The following is part of a series of articles which appeared in the Belfast Telegraph in 1953 under the pen name 'Fina'.
Brownlow House, Lurgan
From skill and taste came pleasing harmony
LURGAN has grown very much since Captain Pynnar made his survey of property in Co. Armagh in 1618, and noted that William Brownlow had made “a very fair town consisting of 42 houses, all of which are inhabited with English families, and the streets all paved clean through.”
Much of William Brownlow's “very fair house of stone and brick” that lay adjacent to the town can be seen to-day, and the rebuilding which has taken place through the intervening centuries has been carried out so skilfully that there is a lively harmony about the whole dwelling.
Here there is no formalism to produce an “architectural composition.” Windows appear where they are needed to supply light, as the native common sense of those first Elizabethans dictated — a common sense shared both by the Victorians and our own contemporary Elizabethans.
Ornamental chimneys, both real and decorative, sprout from every peak of the many-gabled roof, giving the whole building an air of exuberance and gaiety. This exuberant air is increased by the delicate scrolled stonework that abounds about the dwelling.
Looking at this stonework one can almost believe that the fabled petrifying powers of Lough Neagh have been bequeathed to the ornamental lake that fronts the house, and that some past occupant has proved the waters magic quality by immersing lace to decorate his dwelling.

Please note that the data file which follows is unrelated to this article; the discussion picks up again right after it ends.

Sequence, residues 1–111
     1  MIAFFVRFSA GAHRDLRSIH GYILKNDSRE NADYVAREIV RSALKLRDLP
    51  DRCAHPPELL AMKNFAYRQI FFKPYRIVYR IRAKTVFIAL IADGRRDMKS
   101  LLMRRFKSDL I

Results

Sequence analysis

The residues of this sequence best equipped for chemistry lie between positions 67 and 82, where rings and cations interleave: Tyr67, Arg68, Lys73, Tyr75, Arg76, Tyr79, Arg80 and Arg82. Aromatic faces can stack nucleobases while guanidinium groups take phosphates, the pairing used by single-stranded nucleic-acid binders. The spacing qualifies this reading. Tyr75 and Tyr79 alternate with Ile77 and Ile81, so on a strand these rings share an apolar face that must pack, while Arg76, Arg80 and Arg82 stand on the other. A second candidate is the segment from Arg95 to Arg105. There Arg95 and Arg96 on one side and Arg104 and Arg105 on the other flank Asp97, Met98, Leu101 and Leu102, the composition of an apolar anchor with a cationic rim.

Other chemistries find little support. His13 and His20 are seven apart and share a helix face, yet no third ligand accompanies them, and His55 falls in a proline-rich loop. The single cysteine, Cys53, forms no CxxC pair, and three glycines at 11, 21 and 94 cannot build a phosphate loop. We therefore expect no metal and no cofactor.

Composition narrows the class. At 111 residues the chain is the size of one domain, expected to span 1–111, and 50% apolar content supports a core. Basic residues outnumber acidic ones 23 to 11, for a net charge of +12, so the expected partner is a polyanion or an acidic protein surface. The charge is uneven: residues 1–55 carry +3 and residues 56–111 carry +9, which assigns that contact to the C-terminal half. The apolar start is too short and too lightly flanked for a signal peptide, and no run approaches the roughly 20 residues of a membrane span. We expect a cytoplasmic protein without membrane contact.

Succeeding members of the Brownlow family remained patrons of Lurgan throughout the years that followed Pynnar’s Survey.
As early at 1824 the beautiful demesne was thrown open to the public. Even then, the people of Lurgan were free to walk round the fine lake and watch the water-fowl cleave triangular furrows through the reeds, whilst the gulls whirled and swooped and screamed overhead.
Brownlow House was bought by the Orange Body in 1903 and is now an Orange Hall. The beautiful demesne, with its rich plantations and fine sheet of water is a public park.
Bicycles and motor-cars break the stillness of the misty lake, but the water-fowl still sail among the rushes.
Next Week — Moira Village, County Down.
Belfast Telegraph, Wednesday, 23 December 1953.